Morpheus: “The Matrix is everywhere. It is all around us. Even now, in this very room. You can see it when you look out your window or when you turn on your television. You can feel it when you go to work… when you go to church… when you pay your taxes. It is the world that has been pulled over your eyes to blind you from the truth.”

Neo:”What truth?”

Morpheus: “That you are a slave, Neo. Like everyone else you were born into bondage. Into a prison that you cannot taste or see or touch. A prison for your mind.”

A Created Universe: A Reflection on Stephen Hawking’s A Grand Design

This is not a review of Stephen Hawking’s A Grand Design, which I have not read in full yet, but rather a reflection on the crossroads of belief and fact.  One theme prevalent throughout much of science fiction is the conflict over differing views of the universe between believers and scientists.  Unfortunately, this contrast is often shown as part of a dichotomy as if it were an either/or choice and not a natural blending of the spiritual and the physical.  Stephen Hawking’s recent work lines up with this oppositional perspective using the tools of science to probe into the questions of God, faith, and creation as if they can be answered with experiments and mathematics.

From Hawking’s perspective it seems that the entire validity of God and thousands of years of religious belief rest on whether our current scientific understanding of the creation of the universe has any room, or rather, any need for God.  Ignoring for now the obvious scientific problem of trying to understand a transcendent God ultimately outside of space and time Hawking also relegates God to the unknown parts of our universe as if our further understanding pushes God away instead of revealing his handiwork in all its grandeur and beauty.  This understanding ultimately casts God solely in the role of a watchmaker creating the universe and then letting it run on its own.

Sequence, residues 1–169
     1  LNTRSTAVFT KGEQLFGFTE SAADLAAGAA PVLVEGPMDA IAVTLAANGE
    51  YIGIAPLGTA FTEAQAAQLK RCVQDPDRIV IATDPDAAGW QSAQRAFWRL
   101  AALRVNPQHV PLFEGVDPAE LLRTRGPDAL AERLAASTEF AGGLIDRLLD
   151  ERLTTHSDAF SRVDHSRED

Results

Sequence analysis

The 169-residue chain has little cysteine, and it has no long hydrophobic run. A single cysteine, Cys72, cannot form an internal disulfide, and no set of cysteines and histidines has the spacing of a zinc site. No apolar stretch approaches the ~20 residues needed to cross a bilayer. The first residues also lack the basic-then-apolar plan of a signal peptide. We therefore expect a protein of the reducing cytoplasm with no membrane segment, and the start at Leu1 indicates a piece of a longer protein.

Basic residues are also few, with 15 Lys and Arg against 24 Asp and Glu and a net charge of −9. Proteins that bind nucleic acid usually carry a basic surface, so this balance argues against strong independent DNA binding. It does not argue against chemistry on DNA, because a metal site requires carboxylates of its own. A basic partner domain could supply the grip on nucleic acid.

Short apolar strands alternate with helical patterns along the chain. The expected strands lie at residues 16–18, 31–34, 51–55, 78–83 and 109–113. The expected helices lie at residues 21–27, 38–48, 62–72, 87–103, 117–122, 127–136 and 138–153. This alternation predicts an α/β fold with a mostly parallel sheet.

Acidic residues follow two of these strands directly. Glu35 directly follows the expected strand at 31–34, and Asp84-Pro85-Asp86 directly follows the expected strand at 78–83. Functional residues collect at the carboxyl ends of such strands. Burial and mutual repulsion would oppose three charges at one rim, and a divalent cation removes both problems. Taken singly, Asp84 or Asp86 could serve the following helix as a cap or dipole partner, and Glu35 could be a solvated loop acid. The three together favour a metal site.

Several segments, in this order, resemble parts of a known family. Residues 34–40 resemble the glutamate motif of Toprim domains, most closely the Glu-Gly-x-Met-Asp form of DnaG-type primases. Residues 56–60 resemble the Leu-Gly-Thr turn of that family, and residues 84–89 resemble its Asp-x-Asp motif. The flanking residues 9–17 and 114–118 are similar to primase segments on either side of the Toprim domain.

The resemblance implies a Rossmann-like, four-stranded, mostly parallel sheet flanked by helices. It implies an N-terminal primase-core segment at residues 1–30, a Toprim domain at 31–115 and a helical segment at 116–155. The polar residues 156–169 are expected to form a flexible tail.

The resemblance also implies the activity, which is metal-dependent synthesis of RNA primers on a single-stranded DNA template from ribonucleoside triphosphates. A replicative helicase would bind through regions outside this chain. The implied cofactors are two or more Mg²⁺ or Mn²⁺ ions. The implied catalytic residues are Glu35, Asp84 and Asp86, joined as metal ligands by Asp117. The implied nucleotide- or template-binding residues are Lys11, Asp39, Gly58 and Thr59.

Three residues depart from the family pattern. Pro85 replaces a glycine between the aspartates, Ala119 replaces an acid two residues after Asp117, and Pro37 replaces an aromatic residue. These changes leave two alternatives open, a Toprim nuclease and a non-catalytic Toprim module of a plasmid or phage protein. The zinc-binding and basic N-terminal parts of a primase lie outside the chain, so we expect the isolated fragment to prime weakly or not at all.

In his new book Hawking has come to the conclusion, based on new theories and equations that describe the first moments of the universe, that the universe no longer needs a creator to have been created.  Hawking writes, “Because there is a law such as gravity, the universe can and will create itself from nothing. Spontaneous creation is the reason there is something rather than nothing, why the universe exists, why we exist.”  I cannot hope nor do I wish to challenge Hawking’s mastery of physics and mathematics, but I do challenge his interpretation of his findings.  He may be able to explain through physics how our universe may have come into being, but he has not answered why we are here.  Science is fundamentally blind to the moment before creation.  From our current understanding of the moment of creation anything before it would have existed outside of our perspective of space and time and is pure conjecture based not on science but on faith.

The other main point that Hawking uses to challenge the existence of God is that because planets orbiting other stars have been discovered the Earth and humanity are far less special on a cosmic scale than we previously thought.  Here Hawking seems to be operating under the belief that since the Copernican Model of our solar system, which correctly placed the sun at the center of our stellar system, was published in 1543 the ignorance of living in God and faith has been slowly whittled away by fact and reason.  However, this is also a matter of belief and interpretation.  While some Atheists, and unfortunately some Christians too, believe that scientific discoveries about our world are victories for reason and defeats for religion I have never understood this view.